The Rest of My Development Environment

As a professional software developer the vast majority of my experience has been working on C#.NET WinForm applications. I started using .NET shortly before the 1.0 framework was released. I can’t remember if I ever did .NET development under Windows 2000; I generally use Windows XP. If you’re wondering why I don’t use Vista I have to assume that you’ve never tried Vista yourself. It’s not good. I’m waiting for Windows 7 and hoping for the best.

The tools that I use for C#.NET are pretty standard:

C# Development

The one thing that is sorta strange about how I do my C#.NET work is that I do everything on a Mac Pro with XP running in VMWare Fusion. I’ve had a similar setup at home for a couple of years but I’ve only had this setup at work since January.

There are definitely a few quirks that I had to get used to, working in Windows running in a VM on OS X. But the benefits of this setup far outweigh any inconvenience. The ability to take snapshots of the entire VM is awesome! If a program screws with my registry and Windows starts acting funky I just roll back to the last snapshot!

The other huge benefit to working in VMWare is memory. Unless you’re using 64-bit Windows (which can be problematic for many reasons) you are limited to 2 GB of memory. Windows sucks at managing virtual memory so I always try to keep my open applications below that 2 GB limit. Since my Mac has 12 GB of memory, if I need to do something else, I can just boot up a second VM.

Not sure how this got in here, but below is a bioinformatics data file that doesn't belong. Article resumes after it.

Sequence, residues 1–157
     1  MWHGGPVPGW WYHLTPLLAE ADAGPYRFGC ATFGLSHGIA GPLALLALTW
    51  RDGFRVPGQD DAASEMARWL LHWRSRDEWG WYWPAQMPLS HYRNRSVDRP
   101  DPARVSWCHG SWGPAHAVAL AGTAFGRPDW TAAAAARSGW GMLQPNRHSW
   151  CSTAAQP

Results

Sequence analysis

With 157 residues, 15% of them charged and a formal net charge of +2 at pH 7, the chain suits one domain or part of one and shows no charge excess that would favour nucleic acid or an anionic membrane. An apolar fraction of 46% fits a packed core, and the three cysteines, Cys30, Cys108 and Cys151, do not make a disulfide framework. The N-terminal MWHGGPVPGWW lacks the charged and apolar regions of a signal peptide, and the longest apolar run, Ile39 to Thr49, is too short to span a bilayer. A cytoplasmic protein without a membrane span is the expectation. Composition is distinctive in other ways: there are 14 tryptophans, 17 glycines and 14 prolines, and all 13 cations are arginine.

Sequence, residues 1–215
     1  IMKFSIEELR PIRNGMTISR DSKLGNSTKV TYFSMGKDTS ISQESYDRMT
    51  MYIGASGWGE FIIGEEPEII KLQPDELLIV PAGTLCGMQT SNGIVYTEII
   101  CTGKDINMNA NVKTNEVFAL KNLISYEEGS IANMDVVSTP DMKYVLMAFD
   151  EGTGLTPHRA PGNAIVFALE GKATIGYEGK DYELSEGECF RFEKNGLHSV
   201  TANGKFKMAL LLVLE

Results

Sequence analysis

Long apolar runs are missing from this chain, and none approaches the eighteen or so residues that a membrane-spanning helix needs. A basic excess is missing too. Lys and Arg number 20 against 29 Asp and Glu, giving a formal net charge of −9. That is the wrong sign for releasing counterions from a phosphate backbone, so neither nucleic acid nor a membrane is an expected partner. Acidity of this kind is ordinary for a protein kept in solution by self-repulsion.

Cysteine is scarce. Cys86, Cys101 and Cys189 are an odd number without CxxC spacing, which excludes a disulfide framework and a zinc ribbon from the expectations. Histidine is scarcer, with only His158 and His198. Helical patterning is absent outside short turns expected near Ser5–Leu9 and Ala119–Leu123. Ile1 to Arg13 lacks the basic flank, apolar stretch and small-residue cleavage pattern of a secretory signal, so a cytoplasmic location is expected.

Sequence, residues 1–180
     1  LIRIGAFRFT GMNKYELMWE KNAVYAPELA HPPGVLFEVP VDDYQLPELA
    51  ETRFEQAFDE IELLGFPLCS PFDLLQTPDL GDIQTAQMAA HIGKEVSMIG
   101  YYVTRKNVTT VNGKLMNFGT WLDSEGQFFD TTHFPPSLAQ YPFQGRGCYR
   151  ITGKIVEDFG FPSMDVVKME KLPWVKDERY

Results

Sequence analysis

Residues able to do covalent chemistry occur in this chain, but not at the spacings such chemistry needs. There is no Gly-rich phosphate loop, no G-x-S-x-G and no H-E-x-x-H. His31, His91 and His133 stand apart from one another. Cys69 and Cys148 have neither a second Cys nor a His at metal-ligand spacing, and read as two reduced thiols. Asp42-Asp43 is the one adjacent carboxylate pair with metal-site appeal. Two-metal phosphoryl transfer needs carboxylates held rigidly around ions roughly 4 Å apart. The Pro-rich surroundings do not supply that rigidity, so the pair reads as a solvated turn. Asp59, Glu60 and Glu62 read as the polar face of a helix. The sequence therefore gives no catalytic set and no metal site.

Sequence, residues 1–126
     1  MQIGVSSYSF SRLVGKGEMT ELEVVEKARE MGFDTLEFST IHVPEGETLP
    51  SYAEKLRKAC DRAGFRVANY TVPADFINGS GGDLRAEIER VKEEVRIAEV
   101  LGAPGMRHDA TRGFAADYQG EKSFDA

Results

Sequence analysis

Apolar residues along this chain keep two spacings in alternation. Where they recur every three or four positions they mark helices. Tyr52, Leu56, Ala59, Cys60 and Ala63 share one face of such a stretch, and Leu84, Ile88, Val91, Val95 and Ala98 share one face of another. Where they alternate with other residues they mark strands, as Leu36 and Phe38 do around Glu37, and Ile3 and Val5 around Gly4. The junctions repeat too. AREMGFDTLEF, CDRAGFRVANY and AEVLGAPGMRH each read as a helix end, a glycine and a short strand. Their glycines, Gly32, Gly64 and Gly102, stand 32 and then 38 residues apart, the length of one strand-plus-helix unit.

Most of the software that I’ve written for OS X has been personal projects. Nothing fancy, just various tools to scratch some itch. Since getting my iPhone I’ve been doing more work in Objective-C and Cocoa.

Because I’ve done so much work with managed and interpreted languages, it feels a little weird to work in unmanaged C/ObjC. But it is kinda cool too. Objective-C is a fairly simple language and Cocoa is a very nice framework. There are some things that I don’t like about Obj-C (not having namespaces and gimpy string manipulation come immediately to mind) but I really appreciate being able to actually use Cocoa controls for UI work. It is almost unthinkable to do GUI development for Windows without buying a set of third-party controls.

My must-have software for writing Mac/iPhone applications:

Cocoa Development

And finally, a few additional pieces of software that are invaluable to me. These are helpful regardless of what type of software I am writing.